The Shape We’re In

Jane BurnsUncategorized

“Save your neck or save your brother

Looks like it’s one or the other

Oh, you don’t know the shape I’m in.”

                                    The Band

I have been a practitioner of shamanism for nearly twenty years now and during that time, I have been blessed to work with many lovely people, spiritual seekers who have come looking for a new direction, more clarity about their lives, or greater peace about their past.  Through the remarkable tool known as the shamanic journey, I have been privileged to receive numerous insights into the mysterious workings of the human soul and the reasons why we come to make this Earth our home.

During the time I’ve been making these journeys, I have seen patterns emerge from the clusters of clients who come reporting similar experiences and challenges.  While each journey is unique, it is also quite similar in what it reveals about the human condition and the struggles we each commonly face.

Lately, I have been drawn to the idea of taking that observation a bit further and exploring the idea of specifically making journeys into the collective experience, as a way of taking the group temperature, assessing our mutual fears and challenges, and hopefully finding remedy there.

Shamanism is both divination and healing.  It doesn’t stop at observation and diagnosis.  Finding remedy and balance is key.  While I have witnessed firsthand the remarkable efficacy of shamanic healing in individual lives—once those individuals agree to changing their story, letting go of their illusions and embracing a new way of seeing and being—I wonder how we can effectively make a collective diagnosis and alter our group circumstance.  How do we together shift the preponderance of one set of ideas or trends for another?

When I conduct personal sessions, I always begin by asking the helping spirits to show me the client’s conditioned self through their eyes.  The conditioned self is the self of the world—we might say the ego or the little self.  It is the part of us that operates out of the sum and total of our experiences, the forces that have influenced the way we think and act, what we believe to be true.  We are traditionally influenced by our upbringing, socialization, education, family creed, peer group, gender group, class and racial experience, religious beliefs, ancestral creeds and worldview—even the karma with which we enter each life can shape our conditioned self.  These influences create patterns of behavior, limitations and obstacles.  They reflect the ways we have negotiated parts of ourselves away in order to cope and survive.  When a child is confronted with the choice of either being loved and accepted or being authentic—either surviving or taking on the risk of uncharted territory—the child will eventually, if not immediately, choose acceptance and survival.  The nonconforming child, who is embraced and appreciated for the full expression of her pure and unadulterated self, is a rarity I have yet to encounter.  A conditioned self is essentially a diminished Self, a stifled soul.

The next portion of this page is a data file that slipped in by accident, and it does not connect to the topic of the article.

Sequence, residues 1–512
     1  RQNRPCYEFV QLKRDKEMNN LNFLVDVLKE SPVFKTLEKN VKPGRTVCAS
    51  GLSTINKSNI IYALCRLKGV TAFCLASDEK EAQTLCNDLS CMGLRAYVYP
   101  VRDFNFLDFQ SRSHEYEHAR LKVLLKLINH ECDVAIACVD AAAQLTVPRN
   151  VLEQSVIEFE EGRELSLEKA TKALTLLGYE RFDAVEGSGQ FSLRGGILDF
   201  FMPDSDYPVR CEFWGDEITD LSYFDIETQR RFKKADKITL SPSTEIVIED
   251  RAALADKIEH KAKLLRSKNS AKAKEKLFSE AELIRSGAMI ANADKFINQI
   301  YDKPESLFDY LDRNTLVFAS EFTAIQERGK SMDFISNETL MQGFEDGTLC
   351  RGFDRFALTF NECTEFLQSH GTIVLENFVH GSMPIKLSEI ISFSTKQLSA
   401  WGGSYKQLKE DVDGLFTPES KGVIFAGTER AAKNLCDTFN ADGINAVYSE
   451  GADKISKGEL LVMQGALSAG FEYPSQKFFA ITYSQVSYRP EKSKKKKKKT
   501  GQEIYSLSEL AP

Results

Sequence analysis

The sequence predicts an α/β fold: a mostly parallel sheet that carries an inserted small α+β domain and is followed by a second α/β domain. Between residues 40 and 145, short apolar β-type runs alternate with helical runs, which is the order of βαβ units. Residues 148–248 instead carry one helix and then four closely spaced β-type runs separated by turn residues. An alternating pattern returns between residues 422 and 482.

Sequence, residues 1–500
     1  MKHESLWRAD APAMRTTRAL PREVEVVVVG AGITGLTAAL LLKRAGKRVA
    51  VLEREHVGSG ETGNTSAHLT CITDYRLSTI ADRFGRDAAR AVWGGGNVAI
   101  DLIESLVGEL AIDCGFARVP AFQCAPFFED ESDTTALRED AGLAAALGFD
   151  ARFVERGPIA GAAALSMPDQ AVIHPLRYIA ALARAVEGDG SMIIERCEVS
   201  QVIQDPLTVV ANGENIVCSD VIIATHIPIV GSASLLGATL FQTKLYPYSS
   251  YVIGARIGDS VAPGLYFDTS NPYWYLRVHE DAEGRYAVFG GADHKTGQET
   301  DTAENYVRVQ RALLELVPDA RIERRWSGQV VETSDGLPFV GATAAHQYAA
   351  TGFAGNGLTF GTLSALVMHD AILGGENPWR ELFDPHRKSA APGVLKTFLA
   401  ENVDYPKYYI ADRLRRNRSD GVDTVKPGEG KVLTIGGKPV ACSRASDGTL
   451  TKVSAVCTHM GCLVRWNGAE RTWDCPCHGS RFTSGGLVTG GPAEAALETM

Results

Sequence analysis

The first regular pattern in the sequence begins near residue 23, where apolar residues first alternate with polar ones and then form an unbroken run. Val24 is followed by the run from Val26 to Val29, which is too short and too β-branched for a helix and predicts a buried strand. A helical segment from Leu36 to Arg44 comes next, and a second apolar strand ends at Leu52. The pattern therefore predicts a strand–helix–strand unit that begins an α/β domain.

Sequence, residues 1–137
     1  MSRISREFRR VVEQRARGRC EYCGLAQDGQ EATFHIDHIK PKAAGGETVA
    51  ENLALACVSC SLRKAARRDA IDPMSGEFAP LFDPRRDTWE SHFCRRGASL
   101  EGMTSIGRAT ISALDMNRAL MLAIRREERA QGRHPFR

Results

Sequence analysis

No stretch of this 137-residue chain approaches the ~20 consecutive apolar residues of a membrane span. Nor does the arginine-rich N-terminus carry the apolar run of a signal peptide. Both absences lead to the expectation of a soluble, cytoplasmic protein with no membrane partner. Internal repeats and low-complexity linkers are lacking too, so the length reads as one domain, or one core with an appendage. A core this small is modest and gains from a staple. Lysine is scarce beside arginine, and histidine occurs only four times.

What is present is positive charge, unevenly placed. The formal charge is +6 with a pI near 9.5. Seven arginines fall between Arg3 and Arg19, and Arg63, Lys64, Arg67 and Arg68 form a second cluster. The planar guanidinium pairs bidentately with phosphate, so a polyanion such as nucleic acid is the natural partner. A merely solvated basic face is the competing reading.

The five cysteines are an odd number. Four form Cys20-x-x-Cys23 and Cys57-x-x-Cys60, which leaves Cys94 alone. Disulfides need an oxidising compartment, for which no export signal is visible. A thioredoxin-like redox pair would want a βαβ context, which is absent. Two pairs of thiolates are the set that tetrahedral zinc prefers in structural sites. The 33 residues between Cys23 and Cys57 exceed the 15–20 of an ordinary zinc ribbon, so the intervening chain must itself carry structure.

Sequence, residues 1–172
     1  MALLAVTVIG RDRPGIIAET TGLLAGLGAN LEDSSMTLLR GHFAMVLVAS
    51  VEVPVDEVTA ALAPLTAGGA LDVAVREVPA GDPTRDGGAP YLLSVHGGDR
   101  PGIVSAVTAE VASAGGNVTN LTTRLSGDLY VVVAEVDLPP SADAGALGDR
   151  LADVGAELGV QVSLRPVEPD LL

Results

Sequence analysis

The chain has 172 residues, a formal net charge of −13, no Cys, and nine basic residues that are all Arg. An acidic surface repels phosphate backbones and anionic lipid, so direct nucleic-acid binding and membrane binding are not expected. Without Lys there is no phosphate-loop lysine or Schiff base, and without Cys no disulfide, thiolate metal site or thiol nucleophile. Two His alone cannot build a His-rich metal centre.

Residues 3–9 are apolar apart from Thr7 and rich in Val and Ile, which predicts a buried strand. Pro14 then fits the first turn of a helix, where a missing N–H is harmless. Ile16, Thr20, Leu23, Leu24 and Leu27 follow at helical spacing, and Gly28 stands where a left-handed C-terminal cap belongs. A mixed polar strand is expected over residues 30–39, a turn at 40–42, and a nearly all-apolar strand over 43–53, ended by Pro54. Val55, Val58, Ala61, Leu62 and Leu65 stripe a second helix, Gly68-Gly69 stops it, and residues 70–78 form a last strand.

Acceptance aside, there is also the impact of life’s trials and tribulations to consider, which start early in this world and don’t, to my knowledge, seem to let up much.  The human must constantly negotiate these circumstances and maintain, to the best of his ability, safety, sustainability and belonging.

Whether we realize it or not, we spend a good deal of time as adults trying to undo the effects of our conditioning and the suffering it has caused us.  It’s very clear to us that something isn’t right; we just don’t know what it is or how to fix it.  We feel divided, swinging from a deep longing to return to the person we remember ourselves to be and a knee-jerk compliance to a more superficial, but powerfully ingrained conditioning.

The true nature of the soul often stands in direct opposition to the conditioned self—the helping spirits have shown me this again and again.  I’ve come to accept it as the key struggle within the modern human condition.  What we might call the battle within. 

And what is it we’re fighting for?  All the unclaimed, unrealized power we have lost along the way.

What, I wondered, does this struggle look like on a collective level?  What is the predominant state of our collective conditioning—the pervasive patterning that currently impedes our greater human growth and prosperity?

What follows is the summation of my journey for the collective and the guidance it provided for all of us going forward:

The present state of the conditioned collective self is one of score-keeping.  It seems as though many of us are spending more time looking on the other guy’s paper than doing our own homework.  There is an atmosphere of constant monitoring, competition and paranoia, the fear that things will be taken away from us by the Other, as well as the belief that resources are in limited supply and there will not be enough to go around.  A temperament of “desperate times call for desperate measures”—perhaps born out of a pandemic experience—and the overwhelming belief that we are being lied to and misled by others, is quite strong right now on the planet.

As humans, we tend to imagine that things, particularly misfortunes, just kind of happen to us.  That what we experience is moreso our reaction to random events and circumstance, rather than the determinant of them.  But, I also think we might ask ourselves: is our global state of mind—as described here—a reaction to the pandemic or its creator?